Dissident republicans want to kill more officers - PSNI
Dissident republicans are continuing to target police officers, despite the widespread condemnation of the murder of Ronan Kerr last weekend.
Constable Kerr was killed by a bomb under his car outside his Omagh home.
Police sources have said the community response and appeals to dissidents to end their violence have had no impact.
A source said intelligence information suggested dissidents have continued to target officers since Mr Kerr was killed on Saturday.
"There is nothing to suggest a lessening of operational tempo, there has been no diminution of activity," the source said.
Mr Kerr's funeral witnessed unprecedented scenes - with police officers and members of the Gaelic Athletic Association uniting in his memory, as well as politicians from across all the main Northern Ireland parties.
Many of those who attended expressed the hope that the level of public outrage would make dissident republicans think again. But it would appear it has not.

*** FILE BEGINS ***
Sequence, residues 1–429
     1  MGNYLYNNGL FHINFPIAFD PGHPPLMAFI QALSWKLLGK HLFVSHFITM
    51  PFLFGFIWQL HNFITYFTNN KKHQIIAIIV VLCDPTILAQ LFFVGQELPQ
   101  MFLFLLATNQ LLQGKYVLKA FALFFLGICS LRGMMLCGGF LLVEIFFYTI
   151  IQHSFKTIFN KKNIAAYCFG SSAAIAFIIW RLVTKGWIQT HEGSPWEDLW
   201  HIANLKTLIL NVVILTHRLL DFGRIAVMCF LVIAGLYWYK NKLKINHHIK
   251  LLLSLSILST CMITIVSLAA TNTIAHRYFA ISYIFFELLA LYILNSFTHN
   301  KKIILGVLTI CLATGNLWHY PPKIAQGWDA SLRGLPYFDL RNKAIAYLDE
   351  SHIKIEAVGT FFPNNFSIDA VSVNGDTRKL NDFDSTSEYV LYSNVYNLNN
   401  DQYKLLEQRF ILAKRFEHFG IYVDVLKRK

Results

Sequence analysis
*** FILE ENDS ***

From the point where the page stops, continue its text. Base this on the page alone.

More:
The police source said there was no indication that the strong condemnation of the murder, or the community response to it, has had any impact on dissident republicans.Special team
It has also been revealed that the police have set up a special team of detectives to investigate the past in an attempt to prevent future attacks.
They will use new forensic techniques to re-examine evidence gathered at the scenes of terrorist attacks going back around 20 years.
The team started work last Friday, the day before Ronan Kerr was killed.
Its task is to try to find evidence to link individuals suspected of involvement in ongoing dissident republican activity to previous unsolved murders and bomb attacks.
Detectives will also investigate the financial affairs of suspects in the hope of finding evidence of criminal activity.
In terms of the present, the police expect dissidents to attempt to step up their activities in the run up to the assembly elections and the Queen's visit to the Republic next month.
The PSNI will be stepping up its overt - and covert - activities to combat the increased threat level.